Caroline Quarlls (later Quarlls Watkins) is widely recognized as the first enslaved person to migrate through Wisconsin using the Underground Railroad, reaching Canada and freedom in 1842. Born in 1826 in St. Louis, Missouri, Quarlls decided at age 16 to escape slavery, leaving her home on July 4th, 1842. She traveled by steamboat from St. Louis to Alton, Illinois, and next by stagecoach to Milwaukee. In Milwaukee, local barber Robert Titball feigned assistance (and later betrayed her), but aid arrived in the form of Asahel Finch of the law firm Lynde and Finch (who famously hid her under a barrel), Westsider Samuel Brown, and an unnamed African American boy. Brown transported Quarlls to the home of Lucinda and Samuel Daugherty in Lisbon, Waukesha County. She next traveled with Lymon Goodnow by horse and carriage via key “stations” on Wisconsin’s Underground Railroad: first through Prairieville (now Waukesha), and then to Spring Prairie and Gardner’s Prairie near Burlington, both in Walworth County. In the following weeks they traveled through Illinois, Indiana, and Michigan, pursued throughout by slave hunters and lawyers. In August, Quarlls crossed the Detroit River, arriving safely in Sandwich (now Windsor), Ontario, Canada. She then worked in service, attended school, and married Alan [Allen] Watkins, himself an escaped former slave, with whom she had six children. She also corresponded with Goodnow. She died in Sandwich, Canada in March 1886.
- ^ Various spellings of “Quarlls” are found in different sources; this spelling used here is understood to be the one used by Caroline Quarlls Watkins and descendants. Julia Pferdehirt, Caroline Quarlls and the Underground Railroad (Madison, WI: Wisconsin Historical Society Press, 2008), 2 and e-mail message to author from Kimberly Simmons, June 24, 2015.
- ^ Caroline Quarlls Watkins to Lyman Goodnow, letter April 27, 1880, Caroline Quarlls / Allen Watkins Underground Railroad Collection, Civil War Museum Archives, Kenosha, WI. Some of her own words describing how she prepared and packed for the escape were “I got the box out of my masters store room aand [sic] hid it in a cherry hedge.”
- ^ John Nelson Davidson, Negro Slavery in Wisconsin and the Underground Railroad (Milwaukee: Parkman Club, 1897), 49; Genevieve G. McBride, On Wisconsin Women: Working for Their Rights from Settlement to Suffrage (Madison: University of Wisconsin Press, 1993), 197.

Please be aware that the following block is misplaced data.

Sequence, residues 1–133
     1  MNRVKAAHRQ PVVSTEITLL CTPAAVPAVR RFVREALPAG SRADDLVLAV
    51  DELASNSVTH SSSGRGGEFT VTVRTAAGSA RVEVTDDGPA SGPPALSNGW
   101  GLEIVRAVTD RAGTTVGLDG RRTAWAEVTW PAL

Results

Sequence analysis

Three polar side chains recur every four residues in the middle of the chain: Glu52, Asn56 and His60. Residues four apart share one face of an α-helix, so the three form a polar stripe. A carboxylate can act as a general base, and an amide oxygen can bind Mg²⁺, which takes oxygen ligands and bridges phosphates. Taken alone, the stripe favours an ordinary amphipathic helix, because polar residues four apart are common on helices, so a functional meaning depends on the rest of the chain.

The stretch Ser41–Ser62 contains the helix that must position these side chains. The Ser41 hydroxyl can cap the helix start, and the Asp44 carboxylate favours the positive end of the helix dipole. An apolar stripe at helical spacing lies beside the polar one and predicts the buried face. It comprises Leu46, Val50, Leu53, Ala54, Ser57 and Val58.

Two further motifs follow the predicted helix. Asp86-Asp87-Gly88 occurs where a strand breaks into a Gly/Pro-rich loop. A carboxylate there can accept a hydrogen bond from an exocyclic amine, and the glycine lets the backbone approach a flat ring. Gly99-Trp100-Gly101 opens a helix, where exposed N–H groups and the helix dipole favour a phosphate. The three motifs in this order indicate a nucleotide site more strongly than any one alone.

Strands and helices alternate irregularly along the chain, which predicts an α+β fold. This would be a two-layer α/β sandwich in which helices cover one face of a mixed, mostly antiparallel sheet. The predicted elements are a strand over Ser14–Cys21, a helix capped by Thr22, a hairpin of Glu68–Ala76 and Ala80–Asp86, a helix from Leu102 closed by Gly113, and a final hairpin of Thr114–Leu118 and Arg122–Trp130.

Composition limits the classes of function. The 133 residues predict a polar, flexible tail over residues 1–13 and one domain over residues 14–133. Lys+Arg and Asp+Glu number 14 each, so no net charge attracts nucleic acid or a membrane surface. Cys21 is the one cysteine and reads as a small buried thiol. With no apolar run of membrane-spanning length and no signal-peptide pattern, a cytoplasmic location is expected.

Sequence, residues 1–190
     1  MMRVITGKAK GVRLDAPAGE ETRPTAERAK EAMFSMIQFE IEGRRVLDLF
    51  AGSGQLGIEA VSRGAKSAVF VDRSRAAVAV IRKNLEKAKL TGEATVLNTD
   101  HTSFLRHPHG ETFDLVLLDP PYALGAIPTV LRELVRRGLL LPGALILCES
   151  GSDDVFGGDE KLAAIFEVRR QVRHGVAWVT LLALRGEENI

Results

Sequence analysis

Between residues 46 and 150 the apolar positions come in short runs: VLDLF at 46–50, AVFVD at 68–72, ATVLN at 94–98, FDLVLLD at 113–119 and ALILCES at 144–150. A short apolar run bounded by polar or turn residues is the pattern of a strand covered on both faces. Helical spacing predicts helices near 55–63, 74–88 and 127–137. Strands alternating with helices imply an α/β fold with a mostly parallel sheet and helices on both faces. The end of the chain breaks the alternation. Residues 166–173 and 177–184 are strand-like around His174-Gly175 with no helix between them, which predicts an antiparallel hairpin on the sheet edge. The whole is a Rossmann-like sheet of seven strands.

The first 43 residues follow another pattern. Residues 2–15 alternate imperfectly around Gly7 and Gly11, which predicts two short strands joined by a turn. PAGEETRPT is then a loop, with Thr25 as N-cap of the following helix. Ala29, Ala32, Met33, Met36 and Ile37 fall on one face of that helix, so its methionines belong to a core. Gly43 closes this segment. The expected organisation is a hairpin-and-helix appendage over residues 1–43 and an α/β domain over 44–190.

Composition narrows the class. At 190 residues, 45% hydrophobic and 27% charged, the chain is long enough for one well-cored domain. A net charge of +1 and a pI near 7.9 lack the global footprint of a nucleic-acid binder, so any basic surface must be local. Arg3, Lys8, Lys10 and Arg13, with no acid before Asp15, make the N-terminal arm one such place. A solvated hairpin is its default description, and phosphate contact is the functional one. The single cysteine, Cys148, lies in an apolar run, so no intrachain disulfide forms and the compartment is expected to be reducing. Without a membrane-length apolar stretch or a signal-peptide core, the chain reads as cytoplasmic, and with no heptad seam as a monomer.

- ^ Many sources describe travel and abolitionists’ aid; see for example, Chauncey Olin, A History of the Early Anti-Slavery Excitement in the State of Wisconsin from 1842 to 1860, Microfilm 300, Wisconsin Historical Society, Madison and Western Historical Company’s The History of Waukesha County, Wisconsin….(Chicago, IL: Western Historical Company, 1880), 457-466.
- ^ Quarlls Watkins to Goodnow letters April 17 and 27, 1880.
- ^ Kimberly Simmons, e-mail message to author, June 24, 2015.
For Further Reading
Davidson, John Nelson. Negro Slavery in Wisconsin and the Underground Railroad. Milwaukee: Parkman Club, 1897. Available online at http://www.wisconsinhistory.org/turningpoints/search.asp?id=44, accessed November 9, 2015.
Frost, Karolyn Smadz, and Veta Smith Tucker, eds. A Fluid Frontier: Slavery, Resistance, and the Underground Railroad in the Detroit River Borderland. Detroit, MI: Wayne State University Press, 2016.
Pferdehirt, Julia. Caroline Quarlls and the Underground Railroad. Madison, WI: Wisconsin Historical Society Press, 2008.
Western Historical Co. The History of Waukesha County, Wisconsin. Containing an Account of Its Settlement, Growth, Development and Resources; an Extensive and Minute Sketch of Its Cities, Towns and Villages—Their Improvements, Industries, Manufactories, Churches, Schools and Societies; Its War Record, Biographical Sketches, Portraits of Prominent Men and Early Settlers; the Whole Preceded by a History of Wisconsin, Statistics of the State, and an Abstract of Its Laws and Constitution and of the Constitution of the United States. Chicago, IL: Western Historical Company, 1880.
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Learning More about Quarlls
There is more to be learned about Quarlls’ life and her escape from Milwaukee. The Burlington Historical Society, Burlington, Wisconsin, has some details. We still do not know much about Quarlls’ brief time in the city of Milwaukee, which was dramatic and interesting. Who betrayed or assisted her (especially the two African American males, about whom less is written than the white males)? What impact did this episode have on the later political positions of Milwaukeeans as the crisis of abolition and the Civil War broke out?
- ^ See, for example, Caroline Quarlls 1842 Journey on the Underground Railroad, Burlington Historical Society, last accessed January 3, 2017.